25 Samuel Wells Democratic January 2, 1856 January 8, 1857 36
26 Hannibal Hamlin Republican January 8, 1857 February 25, 1857 37 [N 11]
27 Joseph H. Williams Republican February 25, 1857 January 6, 1858 [N 6]
28 Lot M. Morrill Republican January 6, 1858 January 2, 1861 38
39
40
29 Israel Washburn, Jr. Republican January 2, 1861 January 7, 1863 41
42
30 Abner Coburn Republican January 7, 1863 January 6, 1864 42
31 Samuel Cony Republican January 6, 1864 January 2, 1867 43
44
45
32 Joshua Chamberlain Republican January 2, 1867 January 4, 1871 46
47
48
49
33 Sidney Perham Republican January 4, 1871 January 7, 1874 50
51
52
34 Nelson Dingley, Jr. Republican January 7, 1874 January 5, 1876 53
54
35 Seldon Connor Republican January 5, 1876 January 8, 1879 55
56
57
36 Alonzo Garcelon Democratic January 8, 1879 January 17, 1880 58
37 Daniel F. Davis Republican January 17, 1880 January 13, 1881 59
38 Harris M. Plaisted Democratic January 13, 1881 January 3, 1883 60
39 Frederick Robie Republican January 3, 1883 January 5, 1887 61
62
40 Joseph R. Bodwell Republican January 5, 1887 December 15, 1887 63 [N 7]
41 Sebastian Streeter Marble Republican December 15, 1887 January 2, 1889 [N 6]
42 Edwin C. Burleigh Republican January 2, 1889 January 4, 1893 64
65
42 Henry B. Cleaves Republican January 4, 1893 January 2, 1897 66
67
44 Llewellyn Powers Republican January 2, 1897 January 2, 1901 68
69
45 John Fremont Hill Republican January 2, 1901 January 4, 1905 70
71
46 William T. Cobb Republican January 4, 1905 January 6, 1909 72
73
47 Bert M. Fernald Republican January 6, 1909 January 4, 1911 74
48 Frederick W. Plaisted Democratic January 4, 1911 January 1, 1913 75
49 William T. Haines Republican January 1, 1913 January 6, 1915 76
50 Oakley C. Curtis Democratic January 6, 1915 January 3, 1917 77
51 Carl E. Milliken Republican January 3, 1917 January 5, 1921 78
79
52 Frederic Hale Parkhurst Republican January 5, 1921 January 31, 1921 79 [N 7]
53 Percival Proctor Baxter Republican January 31, 1921 January 7, 1925 [N 14]
80
54 Owen Brewster Republican January 7, 1925 January 2, 1929 81
82
55 William Tudor Gardiner Republican January 2, 1929 January 4, 1933 83
84
56 Louis J. Brann Democratic January 4, 1933 January 6, 1937 85
86
57 Lewis O. Barrows Republican January 6, 1937 January 1, 1941 87
88
58 Sumner Sewall Republican January 1, 1941 January 3, 1945 89
90
59 Horace A. Hildreth Republican January 3, 1945 January 5, 1949 91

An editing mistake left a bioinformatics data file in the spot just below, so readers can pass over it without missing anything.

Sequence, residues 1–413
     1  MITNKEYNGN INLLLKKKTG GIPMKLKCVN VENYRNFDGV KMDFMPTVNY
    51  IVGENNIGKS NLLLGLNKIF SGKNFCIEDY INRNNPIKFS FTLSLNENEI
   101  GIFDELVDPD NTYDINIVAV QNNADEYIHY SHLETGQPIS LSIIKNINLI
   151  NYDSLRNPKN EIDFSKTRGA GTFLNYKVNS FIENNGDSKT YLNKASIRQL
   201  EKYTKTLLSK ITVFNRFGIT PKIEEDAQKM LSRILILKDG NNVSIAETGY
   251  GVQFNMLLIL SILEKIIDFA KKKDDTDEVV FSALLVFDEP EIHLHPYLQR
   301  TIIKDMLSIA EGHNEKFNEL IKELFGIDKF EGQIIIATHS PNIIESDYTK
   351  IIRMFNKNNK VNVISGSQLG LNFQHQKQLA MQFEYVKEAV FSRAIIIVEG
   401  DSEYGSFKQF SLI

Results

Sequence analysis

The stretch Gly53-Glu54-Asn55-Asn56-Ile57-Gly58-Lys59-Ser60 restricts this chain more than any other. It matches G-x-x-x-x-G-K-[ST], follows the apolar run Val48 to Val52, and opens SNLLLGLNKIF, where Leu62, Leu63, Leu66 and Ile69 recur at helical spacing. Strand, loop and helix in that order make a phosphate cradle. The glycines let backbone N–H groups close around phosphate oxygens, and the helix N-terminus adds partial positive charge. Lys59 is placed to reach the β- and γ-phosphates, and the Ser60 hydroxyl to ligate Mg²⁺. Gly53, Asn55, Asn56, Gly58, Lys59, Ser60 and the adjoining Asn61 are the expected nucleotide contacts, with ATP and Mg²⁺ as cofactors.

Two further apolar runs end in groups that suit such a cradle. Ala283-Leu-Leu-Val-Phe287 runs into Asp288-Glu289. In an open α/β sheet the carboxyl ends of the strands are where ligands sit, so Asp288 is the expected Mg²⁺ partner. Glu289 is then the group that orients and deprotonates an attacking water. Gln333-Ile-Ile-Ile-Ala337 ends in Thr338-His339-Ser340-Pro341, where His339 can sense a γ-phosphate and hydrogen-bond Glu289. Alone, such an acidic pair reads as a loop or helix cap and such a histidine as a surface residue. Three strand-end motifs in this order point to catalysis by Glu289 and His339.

92
60 Frederick G. Payne Republican January 5, 1949 December 24, 1952 93 [N 11]
94
61 Burton M. Cross Republican December 24, 1952 January 6, 1953 [N 8]
62 Nathaniel M. Haskell Republican January 6, 1953 January 7, 1953 [N 15]
63 Burton M. Cross Republican January 7, 1953 January 5, 1955 95
64 Edmund Muskie Democratic January 5, 1955 January 2, 1959 96 [N 11]
97
65 Robert Haskell Republican January 2, 1959 January 7, 1959 [N 6]
66 Clinton Clauson Democratic January 7, 1959 December 30, 1959 98 [N 7]
67 John H. Reed Republican December 30, 1959 January 5, 1967 [N 14]
99
100
68 Kenneth M. Curtis Democratic January 5, 1967 January 2, 1975 101
102
69 James B. Longley Independent January 2, 1975 January 3, 1979 103
70 Joseph E. Brennan Democratic January 3, 1979 January 7, 1987 104
105
71 John R. McKernan, Jr. Republican January 7, 1987 January 5, 1995 106
107
72 Angus King Independent January 5, 1995 January 8, 2003 108
109
73 John Baldacci Democratic January 8, 2003 incumbent 110 [N 16]
111

Other high offices held

This is a table of congressional seats and other federal offices held by governors. All representatives and senators mentioned represented Maine except where noted.

denotes an office that the governor resigned to take.
† denotes those offices that the governor resigned to be governor.
Governor Gubernatorial term Other offices held Sources
Williamson, William D.William D. Williamson 1821 Representative [16]
Parris, Albion K.Albion K. Parris 1822–1827 Representative from Massachusetts, Senator* [17]
Lincoln, EnochEnoch Lincoln 1827–1829 Representative, Representative from Massachusetts [18]
Dunlap, Robert P.Robert P. Dunlap 1834–1838 Representative [19]
Fairfield, JohnJohn Fairfield 1839–1841, 1842–1843 Representative and Senator* [20]
Kavanagh, EdwardEdward Kavanagh 1843–1844 Representative [21]